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StAnza: Flight and Finesse


My first event on the Saturday at StAnza was Bill Manhire’s masterclass: a one-off workshop with six writers selected from among a batch of submissions plus an audience. I was in the audience, not having submitted anything.

Manhire was warm and engaging while still being quite thorough. As he pointed out, there was no time to build up the trust that would be established in a long-running workshop group. Perhaps he’d be a tougher critic in that setting, but I get the sense he wouldn’t have the bluntness of some well-known poets. Whether you think that’s good or bad depends on what you look for in a critic of your poetry, I guess, but it suited the set-up.

We were all give copies of the poems, chosen by Manhire mid air over Singapo. The poet would read their piece, then Manhire would ask them about it and comment on it himself before opening the discussion to comments, suggestions and questions from the audience and the other selected participants. The atmosphere was friendly, the selection varied and the discussion intelligent.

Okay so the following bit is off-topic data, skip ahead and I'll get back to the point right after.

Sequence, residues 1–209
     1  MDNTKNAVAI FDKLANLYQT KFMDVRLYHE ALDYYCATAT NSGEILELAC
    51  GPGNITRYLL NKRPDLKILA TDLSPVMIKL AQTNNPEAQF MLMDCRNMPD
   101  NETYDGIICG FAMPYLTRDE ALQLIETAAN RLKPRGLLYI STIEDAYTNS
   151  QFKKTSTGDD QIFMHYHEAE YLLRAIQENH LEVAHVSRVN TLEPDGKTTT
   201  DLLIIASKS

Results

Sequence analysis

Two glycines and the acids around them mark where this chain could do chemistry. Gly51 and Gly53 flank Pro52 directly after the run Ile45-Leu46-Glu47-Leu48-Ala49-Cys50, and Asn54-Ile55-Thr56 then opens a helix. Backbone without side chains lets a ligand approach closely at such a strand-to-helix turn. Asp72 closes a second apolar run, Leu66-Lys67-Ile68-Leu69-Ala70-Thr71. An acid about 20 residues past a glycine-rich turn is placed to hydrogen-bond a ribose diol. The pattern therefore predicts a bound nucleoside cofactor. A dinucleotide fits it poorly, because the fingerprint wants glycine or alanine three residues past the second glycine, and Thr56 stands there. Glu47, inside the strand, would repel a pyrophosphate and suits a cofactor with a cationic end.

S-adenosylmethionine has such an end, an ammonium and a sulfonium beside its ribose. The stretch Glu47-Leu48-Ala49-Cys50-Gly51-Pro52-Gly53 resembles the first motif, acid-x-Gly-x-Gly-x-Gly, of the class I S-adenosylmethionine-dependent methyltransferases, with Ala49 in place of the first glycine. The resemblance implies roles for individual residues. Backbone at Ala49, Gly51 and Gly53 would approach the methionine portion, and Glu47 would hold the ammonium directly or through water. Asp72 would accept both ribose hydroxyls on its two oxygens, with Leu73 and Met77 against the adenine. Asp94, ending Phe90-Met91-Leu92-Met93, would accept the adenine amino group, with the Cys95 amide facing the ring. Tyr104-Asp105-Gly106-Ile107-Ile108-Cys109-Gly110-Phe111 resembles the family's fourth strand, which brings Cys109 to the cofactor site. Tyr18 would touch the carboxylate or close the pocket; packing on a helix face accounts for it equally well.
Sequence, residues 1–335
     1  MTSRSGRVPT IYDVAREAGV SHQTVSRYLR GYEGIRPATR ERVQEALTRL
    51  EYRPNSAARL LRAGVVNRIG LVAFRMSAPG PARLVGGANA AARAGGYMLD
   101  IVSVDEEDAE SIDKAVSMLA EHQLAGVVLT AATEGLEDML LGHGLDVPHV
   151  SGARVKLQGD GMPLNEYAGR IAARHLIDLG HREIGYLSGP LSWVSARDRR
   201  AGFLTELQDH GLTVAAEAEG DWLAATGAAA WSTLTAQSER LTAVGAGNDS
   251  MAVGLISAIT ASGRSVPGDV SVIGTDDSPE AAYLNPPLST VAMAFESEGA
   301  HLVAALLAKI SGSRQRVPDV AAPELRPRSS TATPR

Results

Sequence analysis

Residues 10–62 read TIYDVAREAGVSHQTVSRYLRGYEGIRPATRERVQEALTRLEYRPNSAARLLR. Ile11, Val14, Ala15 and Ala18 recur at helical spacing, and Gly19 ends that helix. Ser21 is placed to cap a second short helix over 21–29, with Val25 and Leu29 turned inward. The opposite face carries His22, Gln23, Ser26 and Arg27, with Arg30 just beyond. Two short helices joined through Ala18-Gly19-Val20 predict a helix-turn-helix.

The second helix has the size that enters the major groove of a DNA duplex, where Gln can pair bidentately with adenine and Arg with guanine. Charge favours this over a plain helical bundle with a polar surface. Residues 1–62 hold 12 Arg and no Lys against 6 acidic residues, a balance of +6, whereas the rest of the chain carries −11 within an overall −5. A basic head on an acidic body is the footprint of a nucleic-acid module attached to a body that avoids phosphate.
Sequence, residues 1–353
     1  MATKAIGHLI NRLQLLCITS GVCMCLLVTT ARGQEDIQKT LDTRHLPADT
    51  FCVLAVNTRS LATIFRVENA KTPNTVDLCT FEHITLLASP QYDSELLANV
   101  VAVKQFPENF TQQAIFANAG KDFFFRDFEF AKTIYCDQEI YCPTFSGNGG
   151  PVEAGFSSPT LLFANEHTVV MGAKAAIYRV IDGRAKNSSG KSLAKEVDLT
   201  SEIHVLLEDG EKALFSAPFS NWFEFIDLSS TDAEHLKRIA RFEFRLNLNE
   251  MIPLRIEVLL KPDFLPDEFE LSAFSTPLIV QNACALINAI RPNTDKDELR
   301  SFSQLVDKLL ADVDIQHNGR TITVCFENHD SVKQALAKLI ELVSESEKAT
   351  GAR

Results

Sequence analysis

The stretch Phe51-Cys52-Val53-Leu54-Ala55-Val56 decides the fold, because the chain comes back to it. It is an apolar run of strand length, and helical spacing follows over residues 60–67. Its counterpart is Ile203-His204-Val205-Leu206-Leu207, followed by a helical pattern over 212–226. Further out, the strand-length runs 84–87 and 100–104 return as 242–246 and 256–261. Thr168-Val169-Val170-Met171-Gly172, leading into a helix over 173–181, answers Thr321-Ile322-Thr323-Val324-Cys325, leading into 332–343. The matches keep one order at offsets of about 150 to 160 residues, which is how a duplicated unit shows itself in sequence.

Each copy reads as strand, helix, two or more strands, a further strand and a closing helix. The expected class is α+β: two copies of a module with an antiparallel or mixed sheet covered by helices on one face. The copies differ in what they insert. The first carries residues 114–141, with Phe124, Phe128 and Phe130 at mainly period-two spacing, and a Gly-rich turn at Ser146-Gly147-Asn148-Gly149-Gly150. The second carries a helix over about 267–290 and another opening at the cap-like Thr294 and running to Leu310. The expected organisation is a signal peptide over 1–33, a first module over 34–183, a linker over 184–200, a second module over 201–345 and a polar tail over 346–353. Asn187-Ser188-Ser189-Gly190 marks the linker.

For me, the best poem of the session was Matthew Hotham‘s “Forms of Flight”. It was the most interesting formally and possessed a distinctive beauty. It had mystery, imagination and a quiet but insistent power. It simply said to me that Matthew had real talent, underpinned by skill and intelligence. Several people in the room obviously just didn’t quite get what he was up to, and made suggestions that would have robbed the poem of mystery and richness. That’s what you might expect of such an event, I suppose; I couldn’t help but defend his piece.

After the masterclass, Rob Mackenzie, Ross Wilson and I had a brief chat with Matthew and Cynthia Chin, who also had a poem in the masterclass. They’d come over from the States specially for StAnza. So we’re not just talking talent and skill here, but ocean-crossing commitment! Later, at the poets’ market, Matthew bought The Ambulance Box and The Opposite of Cabbage and gave Rob and me each a copy of his chapbook, Early Art, published by Turtle Ink Press in 2006.

Having had a quick read through Early Art, I’m really looking forward to going back and savouring it. Everything I saw in “Forms of Flight” seems to be there in the pamphlet, though perhaps not quite as developed, given that it was published three years ago. Still, the talent is obvious. It’s exciting to find a good writer at an early stage in his career, and I’m looking forward even more to seeing where Matthew takes his poetry in the future.

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